But the Turing test apparently did not anticipate a regime of outright deception and fraud on the computer side—a computer pretending to be a human that was controlled by a human pretending to be a computer. As this article, from the BBC, makes clear, bots, including influence bots, are already engaged in “automated deceit” that “can even trick the web-savvy.” The DARPA Twitter Bot Challenge was created because influence bots “pose a clear danger to freedom of expression”: If we don’t know whether the results our computers spit out are pure and objective and thus “real,” as opposed to malicious, agenda-driven and thus “unreal,” then we’re clearly capable of being led down a disastrous garden path.
(The DARPA paper cites examples of malicious influence bots by, for example, Russians engaging in a campaign of disinformation about its seizure of Ukraine, and ISIS spreading radicalism.)
The bankers and investment managers who are relying on artificial intelligence to replace “merely human” analysts mean well, but there is no guarantee that their findings may not be contaminated by bots and other forms of malware that purposefully distort conditions. Can they know that, for example, Chinese intelligence is not interfering in the analysis of oil prices over the next six months? Or that Russian mafia intelligence is not creating the impression that Chinese intelligence is the culprit? And on and on, through the looking glass. As the DARPA paper points out (and this is precisely the kind of stuff DARPA worries about), “Over the next few years, we can expect a proliferation of social media influence bots as advertisers, criminals, politicians, nation states, terrorists, and others try to influence populations.” The only protection against this menace, DARPA says, is “to significantly enhance the analytic tools that help analysts detect influence bots.” Unfortunately, the bad guys are in the race, too, busily developing software that thwarts bot-detection tools.
Which brings me to my headline. Re-read it. Influence bots mean that malicious coders may well influence the masses. Social media always has been over-hyped, but this news further undermines its early promise as the great leveler and democratizer of mankind. It turns out it may be anything but. How the world will deal with online information, including social media, that may be hopelessly compromised will keep “the good guys” busy for a long time, and could make an already anxious public more suspicious than ever of social media.
I haven’t been the biggest fan of California’s AVA system, which contains far too many utterly meaningless appellations. (Sonoma Coast, anyone?)
But now, the TTB has made an eminently worthy decision, in the case of Los Olivos, which on Jan. 20 was approved to become California’s latest appellation. (The actual effective date will be Feb. 22.)
It joins its Santa Barbara County sisters, Ballard Canyon to the west and Happy Canyon to the east, as AVAs in this central part of the sprawling Santa Ynez Valley, itself also an AVA. To the north is Santa Maria Valley; further west is Santa Rita Hills. The missing link in the region is now Los Alamos Valley, which currently is a gigantic black hole stretching from Santa Maria all the way south along the 101 Freeway to Buellton. It’s not an AVA, yet, but I expect it, or some part of it, to become one eventually.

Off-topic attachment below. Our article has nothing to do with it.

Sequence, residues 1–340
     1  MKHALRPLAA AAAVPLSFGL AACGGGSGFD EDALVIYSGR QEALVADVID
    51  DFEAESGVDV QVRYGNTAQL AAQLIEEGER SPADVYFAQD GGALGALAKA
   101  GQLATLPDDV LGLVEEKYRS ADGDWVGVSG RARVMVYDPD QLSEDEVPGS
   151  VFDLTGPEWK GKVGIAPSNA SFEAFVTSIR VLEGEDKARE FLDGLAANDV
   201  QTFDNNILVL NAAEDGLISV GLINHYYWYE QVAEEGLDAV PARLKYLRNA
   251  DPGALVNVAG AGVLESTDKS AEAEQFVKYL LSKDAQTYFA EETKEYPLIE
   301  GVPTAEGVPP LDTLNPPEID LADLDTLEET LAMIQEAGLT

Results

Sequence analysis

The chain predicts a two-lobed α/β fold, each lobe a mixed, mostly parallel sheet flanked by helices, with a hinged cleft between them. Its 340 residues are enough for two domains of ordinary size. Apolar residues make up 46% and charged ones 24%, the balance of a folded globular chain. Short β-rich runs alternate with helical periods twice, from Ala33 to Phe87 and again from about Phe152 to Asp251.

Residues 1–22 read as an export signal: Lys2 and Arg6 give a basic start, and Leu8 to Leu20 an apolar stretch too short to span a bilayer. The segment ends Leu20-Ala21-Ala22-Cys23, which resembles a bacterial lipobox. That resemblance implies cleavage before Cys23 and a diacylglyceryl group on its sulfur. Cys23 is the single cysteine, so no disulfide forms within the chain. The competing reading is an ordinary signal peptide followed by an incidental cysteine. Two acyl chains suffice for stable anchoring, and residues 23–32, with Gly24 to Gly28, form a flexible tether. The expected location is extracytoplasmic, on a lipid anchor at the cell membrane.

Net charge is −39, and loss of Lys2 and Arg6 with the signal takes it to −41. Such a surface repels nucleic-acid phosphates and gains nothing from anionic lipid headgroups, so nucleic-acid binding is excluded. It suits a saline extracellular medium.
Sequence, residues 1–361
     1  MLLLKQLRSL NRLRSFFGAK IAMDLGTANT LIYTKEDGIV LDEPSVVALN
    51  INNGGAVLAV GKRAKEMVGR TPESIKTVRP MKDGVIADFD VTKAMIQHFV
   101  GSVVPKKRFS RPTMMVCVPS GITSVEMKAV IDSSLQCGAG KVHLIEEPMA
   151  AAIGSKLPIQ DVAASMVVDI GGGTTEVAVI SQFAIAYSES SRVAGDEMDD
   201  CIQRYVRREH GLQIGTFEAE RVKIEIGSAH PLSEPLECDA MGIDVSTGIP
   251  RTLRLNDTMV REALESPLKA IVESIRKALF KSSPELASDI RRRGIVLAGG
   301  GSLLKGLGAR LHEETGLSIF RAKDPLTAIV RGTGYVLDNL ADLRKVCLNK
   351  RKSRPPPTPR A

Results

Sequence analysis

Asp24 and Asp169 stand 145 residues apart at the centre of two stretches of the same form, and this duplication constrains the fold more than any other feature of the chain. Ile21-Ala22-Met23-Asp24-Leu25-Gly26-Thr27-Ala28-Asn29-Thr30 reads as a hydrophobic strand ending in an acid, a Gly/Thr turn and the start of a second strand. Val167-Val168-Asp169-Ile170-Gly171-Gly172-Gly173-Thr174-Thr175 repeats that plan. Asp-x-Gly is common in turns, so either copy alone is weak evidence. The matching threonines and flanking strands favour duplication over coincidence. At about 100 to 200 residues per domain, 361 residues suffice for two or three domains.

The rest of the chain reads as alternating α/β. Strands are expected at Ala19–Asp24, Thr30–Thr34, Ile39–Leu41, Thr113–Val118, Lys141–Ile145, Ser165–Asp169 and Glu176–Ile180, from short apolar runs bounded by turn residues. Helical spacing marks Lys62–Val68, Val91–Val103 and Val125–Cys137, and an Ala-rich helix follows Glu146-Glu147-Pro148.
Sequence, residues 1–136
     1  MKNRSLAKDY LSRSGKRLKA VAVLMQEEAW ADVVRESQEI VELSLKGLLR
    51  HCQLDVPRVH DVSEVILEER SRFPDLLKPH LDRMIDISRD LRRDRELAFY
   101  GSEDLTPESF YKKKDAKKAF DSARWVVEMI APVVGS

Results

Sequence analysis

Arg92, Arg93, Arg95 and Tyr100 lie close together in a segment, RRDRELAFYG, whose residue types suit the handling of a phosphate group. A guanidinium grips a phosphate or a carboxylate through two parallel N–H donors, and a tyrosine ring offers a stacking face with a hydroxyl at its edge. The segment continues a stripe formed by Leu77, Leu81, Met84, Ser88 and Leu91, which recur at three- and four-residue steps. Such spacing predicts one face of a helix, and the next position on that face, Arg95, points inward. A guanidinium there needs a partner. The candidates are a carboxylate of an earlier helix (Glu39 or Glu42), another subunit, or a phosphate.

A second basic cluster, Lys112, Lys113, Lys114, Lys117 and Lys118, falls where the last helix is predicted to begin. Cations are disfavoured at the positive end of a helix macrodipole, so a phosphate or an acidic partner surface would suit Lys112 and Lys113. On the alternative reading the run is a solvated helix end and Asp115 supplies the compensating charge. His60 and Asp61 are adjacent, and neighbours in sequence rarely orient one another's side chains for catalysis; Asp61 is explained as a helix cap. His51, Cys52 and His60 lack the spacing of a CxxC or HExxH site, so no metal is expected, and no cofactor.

With this fait accompli of Los Olivos, I should think the appellation-izing of Santa Barbara County has reached completion (once Los Alamos comes online). At least, there are no further suggestions for additional sub-divisions I’m aware of. Readers? I’ve long thought Santa Rita Hills is overdue for a little fine-tuning: that could happen along east-west (warmer-cooler) lines, or north-south (elevation and orientation) lines, but I don’t perceive any strong impetus to get involved in the fractious and expensive fights that appellation-tinkering almost always stimulates. (Look at the nastiness of the effort to expand Santa Rita Hills a little bit to the east, which seems to have stalled, at least temporarily, as local vintners line up to take sides.)
Thirteen wineries will be entitled to use Los Olivos on their labels, if they want to. Should they? I think so, but ultimately these are complicated marketing and sales decisions. Is there a Los Olivos terroir? Yes. The soils are not complicated, the way they are in, say, Sonoma County. Los Olivos is primarily a broad alluvial plain created by the Santa Ynez River. Hills are rare: the topography, in the words of the petition, is “relatively uniform, with nearly flat terrain” that, incidentally, makes harvesting easy.
Climate-wise, Los Olivos is warmish-cool, not as hot as Happy Canyon (think: Bordeaux), nor as chilly as Santa Maria Valley (Burgundy). The maritime influence has largely drained away by the time it arrives here, 30 miles inland; due to radiational cooling, that absence of fog makes nighttime temperatures quite chilly, cooler than in most of Santa Rita Hills.
Varietal-wise, Los Olivos has turned into Rhône country over the years, although the vintner behind the push for the appellation, Fred Brander, is a Sauvignon Blanc man, one of the few in California to specialize in that variety (and how well he does it!). Although a few wineries still produce Cabernet Sauvignon, the smart money has given up on it, because it never seemed to get ripe enough (which in turn was the rationale for Happy Canyon). I always had the feeling that vintners around Los Olivos produced Cabernet for the market and not because they thought it was the best grape for their terroir.
In short, the Los Olivos AVA makes perfect sense. It’s an upscale appellation: there are no common wines in Los Olivos. (Geeks: to what famous statement am I alluding? First to identify it gets a free lifetime subscription to steveheimoff.com.)